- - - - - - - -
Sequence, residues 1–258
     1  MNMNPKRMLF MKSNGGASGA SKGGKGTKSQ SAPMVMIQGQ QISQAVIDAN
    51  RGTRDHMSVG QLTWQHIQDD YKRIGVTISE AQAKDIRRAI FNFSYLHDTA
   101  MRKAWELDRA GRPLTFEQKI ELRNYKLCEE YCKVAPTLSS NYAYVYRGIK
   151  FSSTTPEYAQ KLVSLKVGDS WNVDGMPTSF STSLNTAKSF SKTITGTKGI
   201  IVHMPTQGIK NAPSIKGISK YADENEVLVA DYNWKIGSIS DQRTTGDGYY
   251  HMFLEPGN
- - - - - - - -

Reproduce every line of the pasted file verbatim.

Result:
Sequence, residues 1–258
     1  MNMNPKRMLF MKSNGGASGA SKGGKGTKSQ SAPMVMIQGQ QISQAVIDAN
    51  RGTRDHMSVG QLTWQHIQDD YKRIGVTISE AQAKDIRRAI FNFSYLHDTA
   101  MRKAWELDRA GRPLTFEQKI ELRNYKLCEE YCKVAPTLSS NYAYVYRGIK
   151  FSSTTPEYAQ KLVSLKVGDS WNVDGMPTSF STSLNTAKSF SKTITGTKGI
   201  IVHMPTQGIK NAPSIKGISK YADENEVLVA DYNWKIGSIS DQRTTGDGYY
   251  HMFLEPGN